The Sassy Countess is a blog about historic houses, properties, castles, estates, mansions, homes, land, and lifestyles! Focusing mostly on 18th century, other time periods are also included, such as Regency, Golden Age, Gilded Age, Victorian, American Post and Antebellum, Romantic, Jacksonian, Medieval, Renaissance, Edwardian, New Republic, etc.
Primogeniture had been a
part of Europe’s history long before England felt its pull. Truthfully the
eldest son of the Celts had held a special position simply because they had
been oldest first and had been able to test themselves before the younger
siblings. This had not been the case of the ancient Britons. All children of
the Britons had held equal privilege and authority. In fact, many times the
youngest son received special treatment and had received the principal
household, titles, and belongings of his father.
The laws of equal treatment had also been true of the Saxons and Danes, with
the exception of royal inheritances. The favoritism of the eldest son came to
the Englishmen with the Norman Law and William the Conqueror.
The eighteenth century
Englishman held his public identity by his birth and social rank.
Traditionally English gentility went as far back into antiquity as was recorded
for each family. The eldest
had been esteemed “to the great delight of mother”.
Social rank of the parent fell directly upon the children, especially the
eldest son. However, a man could have created his own destiny and further his
own position within society. It was part of the Englishman’s repertoire to
continually dream of a greater destiny than that of his parent.
Englishmen of the 18th
century not only thought of their social rank as being part of destiny, it had
also been the fashion. Fashion, then as now, was a way to impress others.
Conforming to contemporary trends of society would have been used as a façade
to either “find or assume an identity by belonging or by the necessity of
following the requirements of … a role.”
The follower did this to try to fit within the noble groups rather than
expressing him or herself independently by allowing any child to inherit.
While this had certainly been law by this time, there still had been allowances
legally that would have permitted other children to inherit property had
fashion allowed it.
Fashion had been (and
still is) a very powerful regulator. Social norms, individual self-expression,
and even technology had influenced fashion. It was simply an outward sign to
display to society they had been worthy enough, to be a part of their group.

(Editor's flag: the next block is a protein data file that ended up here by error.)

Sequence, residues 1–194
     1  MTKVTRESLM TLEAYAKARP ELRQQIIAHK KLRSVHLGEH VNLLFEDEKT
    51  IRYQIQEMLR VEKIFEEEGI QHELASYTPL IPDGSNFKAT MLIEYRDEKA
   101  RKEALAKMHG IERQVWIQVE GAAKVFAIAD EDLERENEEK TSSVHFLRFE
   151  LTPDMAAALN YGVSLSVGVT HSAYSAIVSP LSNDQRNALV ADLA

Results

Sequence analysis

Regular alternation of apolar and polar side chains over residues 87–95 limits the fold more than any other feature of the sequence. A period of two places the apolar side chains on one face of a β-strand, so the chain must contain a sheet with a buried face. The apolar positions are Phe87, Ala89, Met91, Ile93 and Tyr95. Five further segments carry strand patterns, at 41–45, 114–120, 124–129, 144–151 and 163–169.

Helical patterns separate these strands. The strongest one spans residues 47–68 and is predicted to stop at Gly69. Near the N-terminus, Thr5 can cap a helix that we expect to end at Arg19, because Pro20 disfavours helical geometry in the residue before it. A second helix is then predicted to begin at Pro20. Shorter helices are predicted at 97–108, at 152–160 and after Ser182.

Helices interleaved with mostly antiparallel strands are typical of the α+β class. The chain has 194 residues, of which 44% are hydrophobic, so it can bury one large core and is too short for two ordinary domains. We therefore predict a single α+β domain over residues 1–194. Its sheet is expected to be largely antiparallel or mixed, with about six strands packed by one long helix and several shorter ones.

Even the Prince Regent, the later King George IV, fell to its power. He had
been virtually loved by no one until he became the fashion puppet of Beau
Brummell. Under the ultimate man of style he felt that he had become the
epitome of British manhood. What the king followed, others did also. It had
only been after years of flattery by others that George IV’s self-esteem grew
great enough that he could get rid of Brummel and replace himself as the
fashion scene’s new leader.
Another fashion of the
day had been to think the women just were not bright enough to take control of
the family, let alone the management of the great estates. They could not be in
charge because they were just too reckless. Women were the fairer sex, and just
did not have what it took to have any responsibility.
That may have been the official view, but that did not necessarily mean that
there were not girls that were loved, enough to become powerful women, or that
there were not women that actually did inherit.
Background on Why Primogeniture Was Instated
property has been a very important consideration for the British. The idea of
very expensive property falling into the hands of another person would have
been distressing for anyone. Property was the main point of pride for the
English. The pride of the societal rise of one family being owned by someone
less worthy was just one point of contention that precipitated the law of
primogeniture. Land had been important not just for mere agricultural
production, but also for independence, honor, riches, and even power.
property created a nation that coveted ground for themselves and their
families. The British believed it was “agriculture that gave a nation title to
its territory.” Having as
much property as possible allowed for the growth of more produce that not only
fed the owner’s family, it also created a surplus to sell to others. So, if a
man had wanted to be greater than he currently was, he simply gained more land.
more land was not necessarily easy. Gifts of estates were also given as gifts
by the monarch. To receive such a great reward, many people wanted to be as
close to their sovereign as was possible with the guise of showing their
loyalty to their liege and lord.
Cash alone, if purchased, procured acreage. Mortgages from banks were not in
existence for the purchase of property at this time in history. There were
loans to purchase realty, but friends and/or family gave them.
These kindred did hold mortgage to the property, and if the borrower defaulted,
the estate went to the lien holder.
Other ways of
acquiring estates had been by nefarious means. Because holding title to
profitable properties would allow the lien holder to gain property at only the
remainder of what was owed, there were many that lent out small sums with the
sole expectation of receiving said property at the earliest possible opportunity.
There had even been men, and women, that had prayed upon the weak in pocket
book, yet rich in real estate. Many a deed had been won at games of cards or
loans to card addicts.
An easier way of getting access to greater lands was to marry the woman that had
what was wanted.
unacceptable transfers of ownership were completed by dubious manner. Women
marrying down the social ladder brought men that ancestors would not have
approved of. These ancestors could be as close in relation as a parent or grandparent,
but they also may have been further back in time. Or, the property could have
been sold to someone that just rose up the social ladder himself. The idea of